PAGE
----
The 2012 fall produce season is underway and should be highlighted by good quantities of high-quality produce available for wholesale and retail purchase. To understand New Jersey's fall season, one needs to take a look at the extraordinary weather that its farmers have had to deal with to produce the fall crops. This is the third season in a row that weather has had a major effect on the season. This season is very similar to two years ago.
The third-warmest first quarter of the year got everything off to a early start in New Jersey. Spring also was drier than usual. This weather encouraged many growers’ abilities to get seed or transplant into the soil at earlier dates than most can remember. This encouraged more plowing and planting, and more gradual growing conditions and bee pollination. Most spring crops were planted earlier than normal and the warm growing conditions farmers enjoyed allowed produce to grow and be harvested at their historically earliest harvest dates.
As often seen in summer months, precipitation across New Jersey varied widely in July and, though there were numerous scattered thunderstorms throughout the month, it wasn't until mid-month that a widespread rainfall occurred. Since then, high temperatures and prolonged dryness have given way to more seasonally average temperatures (mid- to high 80s) and regular thunderstorms and showers.
The quality of all of fruits and vegetables is very good right now, as prolonged dry weather created Mediterranean growing conditions, not unlike those we experienced two summers ago. Dry conditions created ideal growing conditions for New Jersey farmers because they have the ability to irrigate well. It’s just that farmers have to spend much of their day dragging around irrigation equipment and incurring labor and utility costs to get everything watered properly.
There is much less disease and insect pressure during this kind of weather. The flavors of many produce items, especially fruits, seem to be more concentrated during dry weather. More delicate produce items such as herbs, greens, turnips and radishes were off volume due to the prolonged heat. Cukes and squash have seen some past blossom burn-off due to past heat and are in less supply then normal right now. In addition, sequential plantings of produce items tended to ripen closer in time resulting in some supply gaps for a couple of weeks in mid-August. Farmers found themselves between plantings for items that are normally in late-season supply. All of these affected produce items should start to return with some more volume as temperatures cool off and we get closer to fall.
New Jersey enjoys the productivity of a great diversity of fruits and vegetables due to its moderate climate and inherent "Jersey Fresh" qualities. New Jersey's 11 principal fresh-market vegetables are: tomatoes, sweet corn, peppers, cabbage, cucumbers, lettuce, spinach, eggplant, escarole, snap beans and asparagus. Its five principal fresh-market fruits are strawberries, blueberries, peaches, apples and cranberries. New Jersey growers are still harvesting declining volumes of excellent quality “summer” produce. Peaches started historically early this year, in early-July, so they will finish up in early-September as a result. Warm-season herbs such as basil and mint are also finishing up. All of these products will be done at frost by mid-October.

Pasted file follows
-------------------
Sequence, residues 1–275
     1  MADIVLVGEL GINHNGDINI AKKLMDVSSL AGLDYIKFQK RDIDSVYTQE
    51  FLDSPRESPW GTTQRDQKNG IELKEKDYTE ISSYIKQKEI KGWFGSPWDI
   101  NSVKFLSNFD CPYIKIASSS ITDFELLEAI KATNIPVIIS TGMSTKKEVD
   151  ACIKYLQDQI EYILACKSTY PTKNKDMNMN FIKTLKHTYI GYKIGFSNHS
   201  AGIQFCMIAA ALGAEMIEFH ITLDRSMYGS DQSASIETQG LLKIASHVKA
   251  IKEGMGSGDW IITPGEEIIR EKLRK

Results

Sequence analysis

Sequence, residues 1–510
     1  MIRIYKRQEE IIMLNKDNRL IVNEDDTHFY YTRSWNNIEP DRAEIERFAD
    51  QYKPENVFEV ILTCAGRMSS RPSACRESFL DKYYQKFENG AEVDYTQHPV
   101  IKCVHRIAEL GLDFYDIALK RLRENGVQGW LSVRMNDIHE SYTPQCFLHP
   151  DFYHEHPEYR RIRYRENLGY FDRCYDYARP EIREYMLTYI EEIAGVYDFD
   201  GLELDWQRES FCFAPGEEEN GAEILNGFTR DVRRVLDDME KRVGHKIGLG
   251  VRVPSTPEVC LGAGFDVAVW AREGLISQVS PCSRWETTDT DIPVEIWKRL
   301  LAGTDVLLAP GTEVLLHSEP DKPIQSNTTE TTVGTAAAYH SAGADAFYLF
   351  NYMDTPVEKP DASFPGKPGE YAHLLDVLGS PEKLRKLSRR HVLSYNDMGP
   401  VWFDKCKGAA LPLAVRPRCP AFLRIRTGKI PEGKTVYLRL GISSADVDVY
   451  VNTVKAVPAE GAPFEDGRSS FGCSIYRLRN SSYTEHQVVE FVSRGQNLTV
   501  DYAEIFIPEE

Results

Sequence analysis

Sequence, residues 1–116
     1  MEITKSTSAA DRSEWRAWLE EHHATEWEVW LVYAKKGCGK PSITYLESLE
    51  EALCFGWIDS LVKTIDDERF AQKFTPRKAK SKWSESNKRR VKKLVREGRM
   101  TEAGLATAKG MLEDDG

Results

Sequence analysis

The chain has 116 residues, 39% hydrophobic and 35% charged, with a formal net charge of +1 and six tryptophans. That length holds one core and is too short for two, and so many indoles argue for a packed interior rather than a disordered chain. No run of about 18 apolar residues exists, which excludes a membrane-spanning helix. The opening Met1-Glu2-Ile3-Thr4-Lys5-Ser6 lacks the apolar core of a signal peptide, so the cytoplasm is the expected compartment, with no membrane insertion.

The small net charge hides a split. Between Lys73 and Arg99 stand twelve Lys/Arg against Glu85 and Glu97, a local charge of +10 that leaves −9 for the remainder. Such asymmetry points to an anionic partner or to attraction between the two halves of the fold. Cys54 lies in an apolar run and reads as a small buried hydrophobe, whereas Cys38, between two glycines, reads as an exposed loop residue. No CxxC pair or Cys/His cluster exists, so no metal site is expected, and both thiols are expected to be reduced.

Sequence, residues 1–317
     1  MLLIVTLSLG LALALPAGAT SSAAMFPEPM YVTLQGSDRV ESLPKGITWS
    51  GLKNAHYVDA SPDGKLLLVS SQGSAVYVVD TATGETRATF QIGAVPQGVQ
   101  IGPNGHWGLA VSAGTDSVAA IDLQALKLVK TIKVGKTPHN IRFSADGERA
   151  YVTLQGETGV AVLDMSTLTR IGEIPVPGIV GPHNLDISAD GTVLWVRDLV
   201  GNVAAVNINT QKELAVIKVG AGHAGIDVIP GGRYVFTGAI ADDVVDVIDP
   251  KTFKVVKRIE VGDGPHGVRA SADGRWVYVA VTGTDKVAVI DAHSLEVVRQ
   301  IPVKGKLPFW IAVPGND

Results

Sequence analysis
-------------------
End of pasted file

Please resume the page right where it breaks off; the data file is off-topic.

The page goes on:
New Jersey growers harvest cooler-season vegetables in the spring and fall. The fall season harvests of spinach, escarole/endive, lettuces, turnips, radishes, and white and sweet potatoes are starting in early-September. Other vegetables that prefer somewhat cooler temperatures but can survive the summer heat in less quantity, including cabbage, collards, kale, beets, Swiss chard, pickles, cucumbers, radishes, butternut and acorn squash, and herbs such as parsley, dill, coriander, arugula and cilantro, are harvesting very well.
Like the entire eastern half of the country, New Jersey suffered frost in late-April and then high winds and hail in late July this year. As a result, apple volume is off significantly this fall. Almost all New Jersey apples are sold soon after harvest and are not stored over time in controlled atmosphere conditions like western apples. New Jersey apples began harvest in late-August, with the Gala, McIntosh, Jonathan and Courtland varieties, and were followed by Red Delicious, Empire, Jonagold and McCoun in early month. Golden Delicious, Rome and Stayman Winesap start harvesting in mid- to late September. Braeburn, Fuji and Granny Smith will start in early-October.